Glasgow City Council and UK Infrastructure Bank (UKIB) have formed a partnership to develop financial and commercial plans for Clyde Metro. The proposed mass transit system is one of the flagship projects in the Scottish Government’s second Strategic Transport Projects Review (STPR2).
UKIB has already run a series of workshops with regional stakeholders and representatives from the public and private finance sector to explore funding options for mass transit in the Glasgow City region.
“Clyde Metro, which represents a multi-billion-pound investment over a 30-year period, could better connect more than 1.5 million people to employment, education, and health services in and around Glasgow,” said the council.
The programme would involve “one of or a combination of bus rapid transit, light rail and metro rail”. These options would complement the service provided by traditional railways and may include the conversion from existing railways to light rail or metro rail, suggests the review.
It encompasses different forms of mass transit, potentially including bus rapid transit, light rail and metro rail. The review envisages a metro system up to around 15km from the city centre, which would “target areas where connections are currently poor, including places where there is deprivation”.
The Metro would “address the gap in public transport provision” in the Glasgow City region, says the review. It would allow “more effective rail operations, creating capacity for longer-distance high speed rail connections and providing connectivity between areas of deprivation and education, employment and leisure opportunities”.
Susan Aitken, leader of Glasgow City Council and Chair of Glasgow City Region Cabinet said: “Clyde Metro will be transformational across the west of Scotland, a catalyst for major economic growth and development, and social and educational opportunities while also making a huge contribution to our decarbonisation agenda.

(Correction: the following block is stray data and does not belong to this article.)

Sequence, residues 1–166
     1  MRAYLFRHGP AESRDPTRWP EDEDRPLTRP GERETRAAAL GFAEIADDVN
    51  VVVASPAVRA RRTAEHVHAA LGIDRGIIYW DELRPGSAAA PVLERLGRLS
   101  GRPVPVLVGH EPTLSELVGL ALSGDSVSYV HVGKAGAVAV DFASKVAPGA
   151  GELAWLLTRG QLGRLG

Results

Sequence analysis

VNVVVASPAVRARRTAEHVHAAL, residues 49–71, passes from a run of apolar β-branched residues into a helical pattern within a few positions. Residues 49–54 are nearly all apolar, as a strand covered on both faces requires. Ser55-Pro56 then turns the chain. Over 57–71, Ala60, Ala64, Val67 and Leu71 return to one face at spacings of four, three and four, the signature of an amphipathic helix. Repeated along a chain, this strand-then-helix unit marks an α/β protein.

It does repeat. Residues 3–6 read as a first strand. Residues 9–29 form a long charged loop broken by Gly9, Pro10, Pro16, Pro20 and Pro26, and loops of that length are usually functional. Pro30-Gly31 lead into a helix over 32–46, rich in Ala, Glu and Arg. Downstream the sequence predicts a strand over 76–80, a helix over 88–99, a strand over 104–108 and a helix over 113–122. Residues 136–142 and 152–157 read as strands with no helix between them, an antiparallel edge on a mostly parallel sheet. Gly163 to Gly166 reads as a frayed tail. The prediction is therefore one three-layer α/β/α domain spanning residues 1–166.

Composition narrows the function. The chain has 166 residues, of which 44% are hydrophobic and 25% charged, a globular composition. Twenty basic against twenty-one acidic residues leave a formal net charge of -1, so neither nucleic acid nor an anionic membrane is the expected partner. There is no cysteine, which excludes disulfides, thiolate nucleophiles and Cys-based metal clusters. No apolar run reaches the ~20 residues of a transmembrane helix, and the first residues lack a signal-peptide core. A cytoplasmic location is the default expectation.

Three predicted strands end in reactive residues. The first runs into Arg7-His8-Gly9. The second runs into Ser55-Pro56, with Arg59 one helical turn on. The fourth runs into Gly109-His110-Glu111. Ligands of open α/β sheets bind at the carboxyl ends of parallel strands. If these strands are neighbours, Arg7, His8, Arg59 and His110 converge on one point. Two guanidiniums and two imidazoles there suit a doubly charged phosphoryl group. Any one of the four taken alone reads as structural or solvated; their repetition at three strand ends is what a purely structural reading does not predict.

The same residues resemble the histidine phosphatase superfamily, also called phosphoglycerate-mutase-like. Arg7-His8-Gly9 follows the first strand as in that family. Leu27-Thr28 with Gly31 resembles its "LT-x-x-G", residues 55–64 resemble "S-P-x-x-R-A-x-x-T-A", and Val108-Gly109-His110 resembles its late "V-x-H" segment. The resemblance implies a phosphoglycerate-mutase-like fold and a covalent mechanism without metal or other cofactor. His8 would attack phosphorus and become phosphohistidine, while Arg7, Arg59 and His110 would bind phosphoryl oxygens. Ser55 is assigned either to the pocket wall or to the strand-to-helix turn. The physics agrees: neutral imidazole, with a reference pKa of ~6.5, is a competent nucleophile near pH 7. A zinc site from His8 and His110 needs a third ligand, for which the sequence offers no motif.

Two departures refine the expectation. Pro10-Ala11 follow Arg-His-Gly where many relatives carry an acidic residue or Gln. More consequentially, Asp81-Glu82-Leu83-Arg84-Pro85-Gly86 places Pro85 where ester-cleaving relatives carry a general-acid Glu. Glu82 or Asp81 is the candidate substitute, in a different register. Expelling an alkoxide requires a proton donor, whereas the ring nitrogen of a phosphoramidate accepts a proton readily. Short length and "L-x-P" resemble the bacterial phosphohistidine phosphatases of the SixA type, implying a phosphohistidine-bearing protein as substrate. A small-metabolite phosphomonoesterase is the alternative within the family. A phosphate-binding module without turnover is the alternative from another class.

“This collaboration with UKIB will help us further explore those critical funding and investment options for Clyde Metro, inform early engagement with potential partners and identify the financial structures necessary to support large scale mass transit projects and the wider net zero transition agenda.
"In progressing the vital discussions around the resourcing of Clyde Metro we can then begin to talk to our citizens about routes and destinations, about timetables for delivery and about the transformational benefits it will have for them and their communities."
John Flint, chief executive of the UKIB, said: “Local authorities have a pivotal role to play in the journey to net zero and supporting regional and economic growth - the twin missions of the Bank.
“It is a privilege to work with Glasgow so we can better understand how the bank can help local authorities to build the capabilities and financial expertise they need to drive the transition to a Net Zero, climate resilient, thriving economy.”
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